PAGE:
Another of the nutritional benefits of Green tea is that it may also help regulate blood sugar levels and increase insulin sensitivity, thus improving glycemic control. These effects seem particularly potent when coupled with the Mediterranean Diet

May Improve Brain Function

Green tea contains caffeine and since this is a stimulant, it could go a long way in improving your brain function. Now, this isn’t the kind of caffeine level we would find in coffee that can leave you feeling jittery that comes with too much caffeine; it’s just the right amount to be beneficial.

Studies suggest that having just a small amount of caffeine causes the brain to block certain chemicals and release healthy ones like dopamine. Studies have shown that this can lead to improvements in mood, memory, reaction times and other cognitive functions. Some studies have demonstrated the ability of green tea to reduce the risk of dementia and Alzheimer's disease.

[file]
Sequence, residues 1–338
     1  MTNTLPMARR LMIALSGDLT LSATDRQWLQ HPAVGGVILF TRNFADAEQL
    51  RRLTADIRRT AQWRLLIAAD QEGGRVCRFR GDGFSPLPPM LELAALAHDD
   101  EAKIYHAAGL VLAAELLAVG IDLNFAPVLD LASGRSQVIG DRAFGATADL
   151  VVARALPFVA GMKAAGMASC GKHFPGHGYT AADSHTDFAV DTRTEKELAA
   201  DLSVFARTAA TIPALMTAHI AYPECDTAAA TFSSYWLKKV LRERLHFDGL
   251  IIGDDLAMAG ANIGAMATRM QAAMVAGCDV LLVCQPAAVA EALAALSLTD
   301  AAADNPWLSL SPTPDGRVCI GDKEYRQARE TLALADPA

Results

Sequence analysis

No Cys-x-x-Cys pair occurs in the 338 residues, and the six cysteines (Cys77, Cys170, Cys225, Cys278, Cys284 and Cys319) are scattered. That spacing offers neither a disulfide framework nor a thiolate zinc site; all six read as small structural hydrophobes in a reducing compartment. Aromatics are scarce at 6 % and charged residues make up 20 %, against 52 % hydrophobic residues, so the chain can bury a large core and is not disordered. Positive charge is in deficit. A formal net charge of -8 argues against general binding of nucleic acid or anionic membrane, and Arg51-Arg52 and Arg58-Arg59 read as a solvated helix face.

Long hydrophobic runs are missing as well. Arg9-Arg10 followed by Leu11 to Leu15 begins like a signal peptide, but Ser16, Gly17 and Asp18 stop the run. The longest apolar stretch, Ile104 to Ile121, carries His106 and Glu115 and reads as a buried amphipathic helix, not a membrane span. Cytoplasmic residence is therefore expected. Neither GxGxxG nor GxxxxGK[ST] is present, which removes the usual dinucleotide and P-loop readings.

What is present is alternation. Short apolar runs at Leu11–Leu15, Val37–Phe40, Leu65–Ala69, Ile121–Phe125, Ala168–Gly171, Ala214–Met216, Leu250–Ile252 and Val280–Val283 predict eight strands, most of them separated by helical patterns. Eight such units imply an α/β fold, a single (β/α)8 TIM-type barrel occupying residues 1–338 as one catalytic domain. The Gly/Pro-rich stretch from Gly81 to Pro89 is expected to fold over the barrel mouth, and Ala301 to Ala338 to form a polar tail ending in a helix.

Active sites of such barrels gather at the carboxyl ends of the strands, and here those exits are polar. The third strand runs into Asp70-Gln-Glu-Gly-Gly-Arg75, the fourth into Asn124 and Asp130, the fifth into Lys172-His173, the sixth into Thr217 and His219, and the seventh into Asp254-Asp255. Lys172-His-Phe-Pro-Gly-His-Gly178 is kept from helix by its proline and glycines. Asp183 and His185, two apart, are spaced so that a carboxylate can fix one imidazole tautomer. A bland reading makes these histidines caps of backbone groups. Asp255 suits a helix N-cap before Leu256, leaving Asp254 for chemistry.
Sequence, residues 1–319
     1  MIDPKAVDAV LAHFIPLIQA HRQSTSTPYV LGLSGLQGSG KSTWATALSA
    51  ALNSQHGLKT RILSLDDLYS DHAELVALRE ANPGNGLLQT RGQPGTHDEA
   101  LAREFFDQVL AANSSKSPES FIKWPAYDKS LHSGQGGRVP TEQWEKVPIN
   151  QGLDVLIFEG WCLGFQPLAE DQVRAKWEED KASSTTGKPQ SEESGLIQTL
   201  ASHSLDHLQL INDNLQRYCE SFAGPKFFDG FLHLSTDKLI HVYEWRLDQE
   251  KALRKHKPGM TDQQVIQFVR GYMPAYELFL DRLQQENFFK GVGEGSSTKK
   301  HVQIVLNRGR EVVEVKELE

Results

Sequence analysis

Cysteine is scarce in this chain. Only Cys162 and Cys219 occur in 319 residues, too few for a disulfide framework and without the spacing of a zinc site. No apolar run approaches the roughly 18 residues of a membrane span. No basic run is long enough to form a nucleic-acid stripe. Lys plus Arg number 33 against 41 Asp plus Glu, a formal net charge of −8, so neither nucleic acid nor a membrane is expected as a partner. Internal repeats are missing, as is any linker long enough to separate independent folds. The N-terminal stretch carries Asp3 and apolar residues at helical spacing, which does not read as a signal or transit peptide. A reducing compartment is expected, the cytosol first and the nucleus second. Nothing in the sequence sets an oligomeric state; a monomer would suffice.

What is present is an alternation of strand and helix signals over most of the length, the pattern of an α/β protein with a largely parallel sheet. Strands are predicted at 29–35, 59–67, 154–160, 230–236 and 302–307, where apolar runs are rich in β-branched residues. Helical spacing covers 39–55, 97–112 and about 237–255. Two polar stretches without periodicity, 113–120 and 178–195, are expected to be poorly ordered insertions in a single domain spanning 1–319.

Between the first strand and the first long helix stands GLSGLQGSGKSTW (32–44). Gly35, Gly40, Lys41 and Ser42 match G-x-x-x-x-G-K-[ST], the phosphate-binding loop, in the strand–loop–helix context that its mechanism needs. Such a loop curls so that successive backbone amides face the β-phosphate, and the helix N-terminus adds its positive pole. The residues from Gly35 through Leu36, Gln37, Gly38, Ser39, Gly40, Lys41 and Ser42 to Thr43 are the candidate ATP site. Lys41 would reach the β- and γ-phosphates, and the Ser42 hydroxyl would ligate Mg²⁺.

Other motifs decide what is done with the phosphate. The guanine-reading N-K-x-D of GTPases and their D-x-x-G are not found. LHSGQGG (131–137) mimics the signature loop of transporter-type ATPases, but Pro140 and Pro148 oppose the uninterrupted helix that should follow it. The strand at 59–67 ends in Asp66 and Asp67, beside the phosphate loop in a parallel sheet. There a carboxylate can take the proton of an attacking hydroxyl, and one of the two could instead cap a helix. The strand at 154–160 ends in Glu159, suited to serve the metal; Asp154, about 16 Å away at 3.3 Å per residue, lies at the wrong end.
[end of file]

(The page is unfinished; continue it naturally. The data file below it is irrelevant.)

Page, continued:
The beneficial polyphenols of green tea may also help slow the effects of aging on the brain.

Possible Improvements With Oral Health and Beauty

While studies in this area are still ongoing, there is some evidence to suggest that green tea consumption can reduce certain bacteria in the month. As a direct result of this, it could also help to reduce problems with bad breath.

Not only this but green tea is also known to reduce the amount of streptococcus mutants in the mouth which is the leading cause of plaque and tooth decay.

Not only is green tea good for your physical health, but it could also keep you looking great! Beauty experts commonly use green tea products for their anti-inflammatory effects. For instance, a combined regimen of 10% green tea cream and green tea supplements improves the elasticity of skin, which keeps your skin looking more youthful as you age